Choices like these reflect an ambivalence inherent in a third wave, not to mention inherent in museums eager to present feminism as uplifting. Art as community outreach also requires looking beyond Friedan's pampered middle-class America, to black and Hispanic artists, much as in "Global Feminisms" (or Rafael Ferrer at El Museo del Barrio). In fact, "Feminine Mystique" suggests what Brooklyn set out to do, before drowning in sentiment. For all its limits, the show in Jersey City focuses on fewer artists, a greater closeness to New York's communities, and a healthy respect for irony. Serbinski's semi-pornographic images make me think of Ghada Amer's, for example, rather than the Brooklyn Museum's long of procession victimized bodies. Augustine's woman in a kitchen, leaning back from a bottle of scotch, uses the inanimacy of a doll to make Friedan's story no less funny for being real.
The choices leave out a great deal, including the kind of pioneering feminist art that Friedan herself helped bring into being. Three older artists, in selections from the museum's permanent collection, might stand for the choices that remain. Mary Beth Edelson's litho of The Last Supper, with familiar women artists in place of Jesus and the apostles, handles the cheerleading, like literally yet another dinner party. Lorna Simpson and Adrian Piper, in turn, handle the world of ideas—an art in which women's desires appear as hesitantly as in the male mind. When Pam Cooper creates a floating house of paper and pins, when Caroline Burton mimes a Jasper Johns white target in bubble wrap, or when Alison Weld pairs a thick abstraction with fake fur, finding a protective separation between male and female spaces grows a little more difficult. I appreciate the challenge better for that.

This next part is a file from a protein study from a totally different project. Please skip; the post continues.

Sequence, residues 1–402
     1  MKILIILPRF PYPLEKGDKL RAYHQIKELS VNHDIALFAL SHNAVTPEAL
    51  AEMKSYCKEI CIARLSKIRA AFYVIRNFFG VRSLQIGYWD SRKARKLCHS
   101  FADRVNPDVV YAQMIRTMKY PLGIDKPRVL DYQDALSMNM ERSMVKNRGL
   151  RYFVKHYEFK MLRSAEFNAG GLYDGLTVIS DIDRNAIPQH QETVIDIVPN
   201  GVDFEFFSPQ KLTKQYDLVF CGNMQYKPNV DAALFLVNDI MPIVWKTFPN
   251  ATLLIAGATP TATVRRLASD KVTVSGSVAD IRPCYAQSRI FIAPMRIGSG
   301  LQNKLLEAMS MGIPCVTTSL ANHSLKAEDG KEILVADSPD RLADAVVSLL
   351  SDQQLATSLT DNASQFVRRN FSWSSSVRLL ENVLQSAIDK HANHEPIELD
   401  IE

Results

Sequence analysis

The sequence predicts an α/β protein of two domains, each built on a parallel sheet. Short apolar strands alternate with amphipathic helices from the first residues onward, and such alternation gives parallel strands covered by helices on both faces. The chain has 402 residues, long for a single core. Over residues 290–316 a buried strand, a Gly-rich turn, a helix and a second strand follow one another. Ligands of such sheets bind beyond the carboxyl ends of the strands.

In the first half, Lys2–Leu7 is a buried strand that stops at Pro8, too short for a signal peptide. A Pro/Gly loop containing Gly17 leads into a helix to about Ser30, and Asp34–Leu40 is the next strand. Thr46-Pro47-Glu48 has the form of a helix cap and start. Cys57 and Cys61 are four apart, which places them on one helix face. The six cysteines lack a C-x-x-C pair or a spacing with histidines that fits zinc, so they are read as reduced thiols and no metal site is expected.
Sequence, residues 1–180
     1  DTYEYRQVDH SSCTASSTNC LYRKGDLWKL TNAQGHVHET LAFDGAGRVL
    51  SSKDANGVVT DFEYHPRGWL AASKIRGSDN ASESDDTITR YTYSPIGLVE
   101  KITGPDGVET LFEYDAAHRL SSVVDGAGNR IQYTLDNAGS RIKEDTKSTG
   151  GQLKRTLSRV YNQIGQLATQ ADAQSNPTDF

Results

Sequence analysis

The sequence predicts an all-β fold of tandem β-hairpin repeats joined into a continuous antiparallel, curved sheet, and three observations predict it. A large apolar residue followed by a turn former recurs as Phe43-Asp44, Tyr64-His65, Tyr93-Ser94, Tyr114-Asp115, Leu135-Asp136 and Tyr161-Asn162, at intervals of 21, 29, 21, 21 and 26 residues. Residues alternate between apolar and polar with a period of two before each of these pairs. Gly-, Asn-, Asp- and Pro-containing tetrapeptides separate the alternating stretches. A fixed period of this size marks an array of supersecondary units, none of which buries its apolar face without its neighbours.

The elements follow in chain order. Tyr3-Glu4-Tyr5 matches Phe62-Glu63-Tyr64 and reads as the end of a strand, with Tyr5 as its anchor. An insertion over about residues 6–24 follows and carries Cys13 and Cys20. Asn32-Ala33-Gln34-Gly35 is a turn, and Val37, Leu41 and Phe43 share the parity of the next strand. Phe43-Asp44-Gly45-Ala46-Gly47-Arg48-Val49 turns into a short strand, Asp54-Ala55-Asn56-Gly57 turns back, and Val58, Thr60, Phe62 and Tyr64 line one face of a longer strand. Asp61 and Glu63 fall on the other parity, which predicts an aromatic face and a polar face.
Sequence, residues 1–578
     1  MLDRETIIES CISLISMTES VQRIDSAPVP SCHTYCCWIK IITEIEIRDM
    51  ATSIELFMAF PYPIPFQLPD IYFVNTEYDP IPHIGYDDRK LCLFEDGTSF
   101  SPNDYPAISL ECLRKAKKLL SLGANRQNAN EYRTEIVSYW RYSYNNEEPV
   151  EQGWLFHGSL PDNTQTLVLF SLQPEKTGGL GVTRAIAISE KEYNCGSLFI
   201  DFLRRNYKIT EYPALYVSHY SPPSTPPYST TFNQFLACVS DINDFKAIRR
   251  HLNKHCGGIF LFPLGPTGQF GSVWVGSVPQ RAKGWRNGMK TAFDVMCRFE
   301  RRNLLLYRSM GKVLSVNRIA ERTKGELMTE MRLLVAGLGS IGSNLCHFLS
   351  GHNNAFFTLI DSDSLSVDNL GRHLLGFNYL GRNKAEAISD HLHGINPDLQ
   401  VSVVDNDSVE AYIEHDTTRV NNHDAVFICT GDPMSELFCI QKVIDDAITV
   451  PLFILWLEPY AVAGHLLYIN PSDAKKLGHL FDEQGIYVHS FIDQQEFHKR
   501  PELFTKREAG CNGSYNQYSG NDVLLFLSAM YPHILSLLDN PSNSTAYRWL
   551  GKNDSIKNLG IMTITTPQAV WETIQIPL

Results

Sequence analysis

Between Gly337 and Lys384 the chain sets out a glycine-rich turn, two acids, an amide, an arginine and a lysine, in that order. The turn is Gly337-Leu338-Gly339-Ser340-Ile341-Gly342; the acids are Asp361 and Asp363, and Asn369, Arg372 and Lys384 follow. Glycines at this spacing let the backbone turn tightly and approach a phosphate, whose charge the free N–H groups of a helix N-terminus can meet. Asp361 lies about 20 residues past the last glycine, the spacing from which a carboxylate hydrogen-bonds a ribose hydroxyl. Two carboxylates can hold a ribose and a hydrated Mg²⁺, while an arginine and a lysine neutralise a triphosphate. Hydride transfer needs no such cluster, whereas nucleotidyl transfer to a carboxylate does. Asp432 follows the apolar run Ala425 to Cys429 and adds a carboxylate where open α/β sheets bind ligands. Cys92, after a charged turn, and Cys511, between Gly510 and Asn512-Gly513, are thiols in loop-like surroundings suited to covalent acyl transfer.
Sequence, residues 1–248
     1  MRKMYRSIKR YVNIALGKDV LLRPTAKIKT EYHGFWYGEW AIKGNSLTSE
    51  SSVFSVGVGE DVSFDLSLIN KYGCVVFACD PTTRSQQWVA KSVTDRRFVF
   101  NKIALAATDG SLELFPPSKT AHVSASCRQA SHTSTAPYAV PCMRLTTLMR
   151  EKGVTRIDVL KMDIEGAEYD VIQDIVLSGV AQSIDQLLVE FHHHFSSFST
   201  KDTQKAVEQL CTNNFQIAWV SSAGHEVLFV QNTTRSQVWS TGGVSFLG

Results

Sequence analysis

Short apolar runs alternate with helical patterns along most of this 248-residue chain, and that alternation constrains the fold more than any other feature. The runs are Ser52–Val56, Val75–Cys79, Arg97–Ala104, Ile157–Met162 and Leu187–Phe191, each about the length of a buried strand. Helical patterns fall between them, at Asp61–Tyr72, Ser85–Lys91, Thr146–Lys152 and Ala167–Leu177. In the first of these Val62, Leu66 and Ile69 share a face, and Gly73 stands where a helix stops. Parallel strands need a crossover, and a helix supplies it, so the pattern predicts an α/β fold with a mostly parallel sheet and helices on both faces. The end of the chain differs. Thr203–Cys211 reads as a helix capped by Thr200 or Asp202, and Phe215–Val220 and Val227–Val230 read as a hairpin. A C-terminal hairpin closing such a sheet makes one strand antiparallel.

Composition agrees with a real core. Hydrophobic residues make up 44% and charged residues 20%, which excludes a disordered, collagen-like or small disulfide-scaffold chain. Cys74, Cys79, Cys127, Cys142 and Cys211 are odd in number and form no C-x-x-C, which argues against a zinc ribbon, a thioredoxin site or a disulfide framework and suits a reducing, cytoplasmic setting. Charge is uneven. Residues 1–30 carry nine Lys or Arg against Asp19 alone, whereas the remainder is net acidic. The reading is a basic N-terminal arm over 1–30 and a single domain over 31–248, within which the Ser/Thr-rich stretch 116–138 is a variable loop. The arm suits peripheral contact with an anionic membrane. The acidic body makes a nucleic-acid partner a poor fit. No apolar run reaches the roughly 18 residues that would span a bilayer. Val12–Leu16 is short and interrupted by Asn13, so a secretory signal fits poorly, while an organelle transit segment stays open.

"Global Feminisms" ran at The Brooklyn Museum through July 1, 2007, and "Pharaohs, Queens, and Goddesses" through September 16, in conjunction with the March opening of the Elizabeth A. Sackler Center for Feminist Art. "Role Play: Feminist Art Revisited 1960–1980" ran at Galerie Lelong and Judy Chicago's preparatory work for "The Dinner Party" at ACA Galleries, both through April 28. "The Feminine Mystique: Contemporary Artists Respond" ran at the Jersey City Museum through February 24, 2008. Related articles in this webzine—along with those linked within the review and others listed here—consider varieties of feminism, men in feminism, Freud and feminism, and difference feminism, the last with a brief bibliography.